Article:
The spirit of Ignatius is built on the belief that each person is created in the image of God. This calls us to respect the dignity and value of every individual. St Vincent’s College strives to create a caring community of students, parents and teachers with varied gifts and backgrounds. This is reflected in the ongoing commitment to assist each student to attain her full potential, including the commitment to support students with learning support needs and our gifted and talented learners.

At St Vincent’s College Diverse Learning is divided into two sections: Learning Support and Gifted Education. The Learning Support Team assists classroom teachers in meeting the needs of all students and works with these students in and outside the classroom environment. Gifted and Talented learners are recognised as students who have distinct learning requirements and the College endeavours to maximise their learning opportunities so these students are able to realise their potential.

The Diverse Learning program is offered at St Vincent’s College as a whole school approach and is guided by the: Sisters of Charity Values; Mary Aikenhead Educational Philosophy; Ignatian pedagogy; Board of Studies guidelines for Special Education; NSW Department of Education and Training Special Education Students Policy and NSW Department of Education and Training Gifted and Talented Students Policy.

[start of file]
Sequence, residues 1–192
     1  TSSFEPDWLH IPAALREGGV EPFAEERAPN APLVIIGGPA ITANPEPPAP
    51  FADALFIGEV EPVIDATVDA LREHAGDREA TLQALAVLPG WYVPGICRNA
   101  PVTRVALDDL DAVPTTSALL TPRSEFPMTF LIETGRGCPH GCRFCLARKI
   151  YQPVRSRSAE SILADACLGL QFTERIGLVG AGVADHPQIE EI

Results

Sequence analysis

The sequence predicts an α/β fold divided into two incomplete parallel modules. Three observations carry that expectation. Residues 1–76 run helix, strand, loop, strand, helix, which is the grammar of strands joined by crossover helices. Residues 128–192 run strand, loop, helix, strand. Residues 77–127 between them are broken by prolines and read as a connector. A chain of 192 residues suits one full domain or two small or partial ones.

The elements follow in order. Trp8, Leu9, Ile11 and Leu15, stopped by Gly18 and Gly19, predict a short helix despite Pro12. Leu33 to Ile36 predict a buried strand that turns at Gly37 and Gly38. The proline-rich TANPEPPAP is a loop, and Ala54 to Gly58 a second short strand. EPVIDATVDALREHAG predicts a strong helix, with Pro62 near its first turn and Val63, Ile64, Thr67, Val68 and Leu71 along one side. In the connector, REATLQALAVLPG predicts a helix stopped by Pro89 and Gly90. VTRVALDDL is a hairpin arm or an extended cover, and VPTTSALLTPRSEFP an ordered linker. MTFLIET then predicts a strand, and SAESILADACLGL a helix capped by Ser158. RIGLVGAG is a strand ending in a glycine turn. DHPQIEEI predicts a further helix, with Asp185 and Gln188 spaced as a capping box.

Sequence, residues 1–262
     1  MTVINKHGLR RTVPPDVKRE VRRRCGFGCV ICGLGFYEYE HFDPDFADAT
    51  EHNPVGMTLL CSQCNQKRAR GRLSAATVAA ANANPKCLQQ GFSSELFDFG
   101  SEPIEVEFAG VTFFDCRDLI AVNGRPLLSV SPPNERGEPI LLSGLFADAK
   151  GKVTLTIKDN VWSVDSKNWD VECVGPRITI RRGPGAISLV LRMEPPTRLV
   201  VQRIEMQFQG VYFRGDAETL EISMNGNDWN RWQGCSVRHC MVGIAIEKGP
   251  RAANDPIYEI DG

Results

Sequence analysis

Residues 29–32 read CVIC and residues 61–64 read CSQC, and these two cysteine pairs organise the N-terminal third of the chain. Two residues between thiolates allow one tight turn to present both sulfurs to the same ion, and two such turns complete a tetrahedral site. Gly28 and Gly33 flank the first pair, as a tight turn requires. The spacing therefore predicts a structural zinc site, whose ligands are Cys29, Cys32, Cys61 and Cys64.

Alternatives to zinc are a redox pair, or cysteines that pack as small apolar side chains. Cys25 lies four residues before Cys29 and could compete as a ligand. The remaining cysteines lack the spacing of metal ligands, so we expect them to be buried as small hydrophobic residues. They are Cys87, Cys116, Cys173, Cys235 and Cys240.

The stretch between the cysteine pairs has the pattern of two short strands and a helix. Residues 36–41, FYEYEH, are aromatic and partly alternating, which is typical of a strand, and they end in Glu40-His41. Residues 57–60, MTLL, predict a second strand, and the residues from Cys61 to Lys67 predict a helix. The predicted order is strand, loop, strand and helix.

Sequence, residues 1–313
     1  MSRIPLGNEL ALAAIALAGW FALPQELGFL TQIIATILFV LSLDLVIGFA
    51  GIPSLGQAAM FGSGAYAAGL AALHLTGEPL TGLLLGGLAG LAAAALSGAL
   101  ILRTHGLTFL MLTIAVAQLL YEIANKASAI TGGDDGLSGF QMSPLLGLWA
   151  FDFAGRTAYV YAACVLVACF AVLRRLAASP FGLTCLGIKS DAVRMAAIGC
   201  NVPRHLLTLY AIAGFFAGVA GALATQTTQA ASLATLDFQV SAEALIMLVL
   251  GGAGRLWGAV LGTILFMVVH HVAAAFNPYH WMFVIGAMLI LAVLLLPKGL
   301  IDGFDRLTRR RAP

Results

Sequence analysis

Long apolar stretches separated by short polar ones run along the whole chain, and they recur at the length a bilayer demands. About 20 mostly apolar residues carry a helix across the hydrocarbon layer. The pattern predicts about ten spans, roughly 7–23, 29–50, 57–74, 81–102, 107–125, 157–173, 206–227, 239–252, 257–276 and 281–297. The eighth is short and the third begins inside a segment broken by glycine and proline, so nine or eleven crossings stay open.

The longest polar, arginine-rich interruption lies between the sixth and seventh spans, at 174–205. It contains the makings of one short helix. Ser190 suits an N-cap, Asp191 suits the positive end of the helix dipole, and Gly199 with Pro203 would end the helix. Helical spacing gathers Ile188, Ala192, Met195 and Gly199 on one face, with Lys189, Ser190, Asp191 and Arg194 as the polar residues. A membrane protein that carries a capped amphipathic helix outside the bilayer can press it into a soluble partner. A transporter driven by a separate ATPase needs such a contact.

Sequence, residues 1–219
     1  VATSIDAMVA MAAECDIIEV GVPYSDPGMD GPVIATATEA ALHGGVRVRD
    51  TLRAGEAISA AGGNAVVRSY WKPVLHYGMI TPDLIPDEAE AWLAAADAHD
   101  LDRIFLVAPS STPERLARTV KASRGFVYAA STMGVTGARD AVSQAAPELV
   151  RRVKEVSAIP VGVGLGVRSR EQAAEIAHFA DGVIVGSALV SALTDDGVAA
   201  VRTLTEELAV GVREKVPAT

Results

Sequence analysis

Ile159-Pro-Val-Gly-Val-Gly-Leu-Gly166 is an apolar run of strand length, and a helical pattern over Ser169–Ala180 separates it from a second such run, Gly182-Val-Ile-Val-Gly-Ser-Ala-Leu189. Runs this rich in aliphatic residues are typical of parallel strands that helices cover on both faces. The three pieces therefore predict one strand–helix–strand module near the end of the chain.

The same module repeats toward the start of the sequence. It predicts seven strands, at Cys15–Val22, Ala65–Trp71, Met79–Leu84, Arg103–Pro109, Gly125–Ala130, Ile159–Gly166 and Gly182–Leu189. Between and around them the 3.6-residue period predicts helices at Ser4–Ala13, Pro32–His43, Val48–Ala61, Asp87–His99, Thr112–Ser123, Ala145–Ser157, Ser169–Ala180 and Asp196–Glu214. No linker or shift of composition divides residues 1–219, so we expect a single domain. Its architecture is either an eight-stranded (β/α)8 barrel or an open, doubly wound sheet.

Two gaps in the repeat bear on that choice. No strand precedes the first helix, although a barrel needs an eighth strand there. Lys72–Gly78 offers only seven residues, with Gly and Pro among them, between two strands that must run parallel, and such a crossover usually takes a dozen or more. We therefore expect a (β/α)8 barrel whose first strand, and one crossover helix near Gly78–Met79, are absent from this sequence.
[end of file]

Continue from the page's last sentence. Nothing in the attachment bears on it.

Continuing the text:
Identification of Student Needs

St Vincent's will assess your daughter's learning needs by obtaining information from a variety of sources. For incoming Year 7 students, aptitude testing will take place in a group situation toward the end of Year 6 during the Year 7 Orientation Program. For all other new students, aptitude testing will take place at the College at a negotiated time after your daughter's enrolment has been accepted. Along with aptitude testing results, the following are used to help us to build a learner profile for your daughter: anecdotal evidence such as milestone achievement, formalised testing (perhaps by an educational psychologist), school based assessment, statewide testing (NAPLAN), screening tests, parent referral/nomination and interviews.


The diversity of the student learning needs are met in many ways including intensive reading/maths groups, extension/co-curricula activities, a differentiated curriculum, in-class assistance, Disability Provisions for examinations, mentoring, counselling, emotional support, career assistance, profile meetings (parents, staff, external professionals), appropriate class placement, ongoing professional development of staff and referrals and links to outside organisations for assistance and enrichment.

Gifted and Talented Education